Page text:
7. Goals–Short-term: “Contribute more effectively to CPG marketing through a communications lens.” BARF. Long-term: “Help emerging businesses or non- profits tell compelling stories and communicate effectively with their audiences.” Well, right idea in the abstract but needs to be fleshed out by finding something a bit more concrete–and then you need to retrofit what came before it, in terms of jobs, volunteering, etc. to make it all seem like the Yellow Brick Road. The past and future will mediate each other in working out that idea. Just say you want to combine  social media, “big data,” and what you learned about consumer preferences at your CPG job with  your success with volunteer orgs.  The outcome, ta da,  to be a leader and innovator at a company with innovative, cutting-edge products, and also to continue your passion for helping volunteer groups. Plus, you  want to continue to be influential at increasing “quality of life” for peeps who work at companies, similar to what you have already done at your CPG company, to wit, “member of three teams at work [which] aim to foster a positive company culture and supportive work environment.” As I often note, it would help to find role models of leaders who have done, that or have taken a company halfway to the Promised Land in doing that, and say you want to continue that journey. You got a lot of “honestly-earned” buzzwords in your story. You have to use them as building blocks of a passionate and specific story (well, specific within limits, given we are talking about things 10 years out).

Ha, ha. And now the $64K Question. Would all that jive, even if correctly stated,  be enough at Stanford to overcome your whopping  nineteen basis points of a ‘sub-par’ GPA and nine COLOSSAL points of a sub GMAT??? (And, truth be told, a 71% Q score, which is actually a tad low).

Not to mention Stanford’s well-kept truth that dare not speak its name– their secret predilection for the fuddiest and the duddiest of Gold Plate feeder companies (McKinsey, Bain, BCG, Goldman, Morgan Stanley or J.P. Morgan/ Chase.)?

Too close to call, but, of course, I have called it above (admission chances 30-40 percent) based largely on the fact that your Stardust component at Stanford, volunteering with that education group, is not yet fully developed and sounds limited in scope (a lot will depend on the size of the organization) to begin with. You will really need great recommendations, recs which document your innovative successes (prepare your writers for this) and also project your impact as an innovator in social media (prepare your writers for this, too). A wild card is what Stanford thinks of your company. CPG is not a sweet spot for them but every school needs a CPG cohort and Stanford is so hidebound and traditional and elitist that they might get that full cohort (barring break-out exceptions, affirmative action, and development cases, none of which is you) from one or two favorite companies. Is your company on that list? What is application history of kids from your company? That could be a big deal in computing your odds, but there is nothing we can do about.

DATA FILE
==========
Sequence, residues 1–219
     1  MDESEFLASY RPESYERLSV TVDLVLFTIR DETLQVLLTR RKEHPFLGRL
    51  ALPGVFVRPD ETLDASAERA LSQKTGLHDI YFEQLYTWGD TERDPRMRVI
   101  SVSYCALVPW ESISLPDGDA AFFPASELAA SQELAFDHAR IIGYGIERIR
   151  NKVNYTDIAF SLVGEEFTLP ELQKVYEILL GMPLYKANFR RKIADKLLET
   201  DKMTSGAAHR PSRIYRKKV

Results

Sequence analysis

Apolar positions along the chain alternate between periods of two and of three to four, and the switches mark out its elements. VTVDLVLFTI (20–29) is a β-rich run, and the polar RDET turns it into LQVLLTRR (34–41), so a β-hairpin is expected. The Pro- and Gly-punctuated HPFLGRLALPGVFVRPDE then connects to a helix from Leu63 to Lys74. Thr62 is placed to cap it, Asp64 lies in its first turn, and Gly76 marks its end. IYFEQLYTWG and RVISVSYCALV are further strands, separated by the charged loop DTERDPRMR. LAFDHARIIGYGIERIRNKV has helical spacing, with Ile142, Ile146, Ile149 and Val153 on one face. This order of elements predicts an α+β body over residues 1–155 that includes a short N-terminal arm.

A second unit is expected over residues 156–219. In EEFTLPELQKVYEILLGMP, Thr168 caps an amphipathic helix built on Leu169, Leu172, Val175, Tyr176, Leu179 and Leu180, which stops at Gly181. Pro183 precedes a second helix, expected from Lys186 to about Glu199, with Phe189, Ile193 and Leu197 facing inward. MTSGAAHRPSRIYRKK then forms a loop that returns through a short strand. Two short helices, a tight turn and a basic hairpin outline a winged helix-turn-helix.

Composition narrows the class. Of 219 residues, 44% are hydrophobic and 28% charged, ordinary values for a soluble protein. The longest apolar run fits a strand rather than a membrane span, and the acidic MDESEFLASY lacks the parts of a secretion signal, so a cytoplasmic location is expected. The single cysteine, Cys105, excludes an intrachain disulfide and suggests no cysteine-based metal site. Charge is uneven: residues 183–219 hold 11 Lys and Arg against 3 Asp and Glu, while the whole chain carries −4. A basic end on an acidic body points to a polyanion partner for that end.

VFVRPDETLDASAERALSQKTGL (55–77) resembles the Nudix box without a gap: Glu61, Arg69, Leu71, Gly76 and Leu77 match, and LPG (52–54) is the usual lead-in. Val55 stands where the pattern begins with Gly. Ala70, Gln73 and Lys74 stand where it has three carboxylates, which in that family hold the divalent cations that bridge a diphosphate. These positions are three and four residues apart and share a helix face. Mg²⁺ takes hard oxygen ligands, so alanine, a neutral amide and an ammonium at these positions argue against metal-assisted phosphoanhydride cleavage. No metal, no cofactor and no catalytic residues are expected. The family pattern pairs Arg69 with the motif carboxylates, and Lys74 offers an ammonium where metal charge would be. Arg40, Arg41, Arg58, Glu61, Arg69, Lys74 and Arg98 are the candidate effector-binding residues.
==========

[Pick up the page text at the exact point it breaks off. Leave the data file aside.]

Phew, after this exhausting crucible of analysis (inspired in part by your full and detailed report, so profile wannabes take note) I am taking a deep breath and saying the lack of Stardust might in the end, sink you. You need to max that, both in the remaining time before applying, and also in how your talk about it. Have your Stanford peer rec written by someone on one of the teams you lead at  work which “aim to foster a positive company culture and supportive work environment” and have that person say, SURPISE, she  actually has changed the culture here,  in addition to walking on water while tweeting.

Well, as you can tell, I’m rooting for you for some reason, probably because your original profile request was in full English sentences and easy to read, well, among other reasons, I got a soft spot for Communications types (calling Dee Leopold) and if you really squeezed the lemon as suggested, it could happen. All that said, as with the first profile in this bunch, WHAT IS WRONG EXACTLY WITH HBS?????????

They are more friendly to CPG types, and, more importantly, have more room to begin with, even if, as one could argue, the filter is not all that different. You really need to apply there.

Other schools you note: Kellogg, Columbia, NYU Stern (full or part-time). These should be in-line if you can convince them you really want to come.

Kellogg would put you on the cover of their View Book (or whatever it is called), you are just about the Gibson girl over there. Gibson_girl

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About The Author

John A. Byrne is the founder and editor-in-chief of C-Change Media, publishers of Poets&Quants and four other higher education websites. He has authored or co-authored more than ten books, including two New York Times bestsellers. John is the former executive editor of Businessweek, editor-in-chief of Businessweek. com, editor-in-chief of Fast Company, and the creator of the first regularly published rankings of business schools. As the co-founder of CentreCourt MBA Festivals, he hopes to meet you at the next MBA event in-person or online.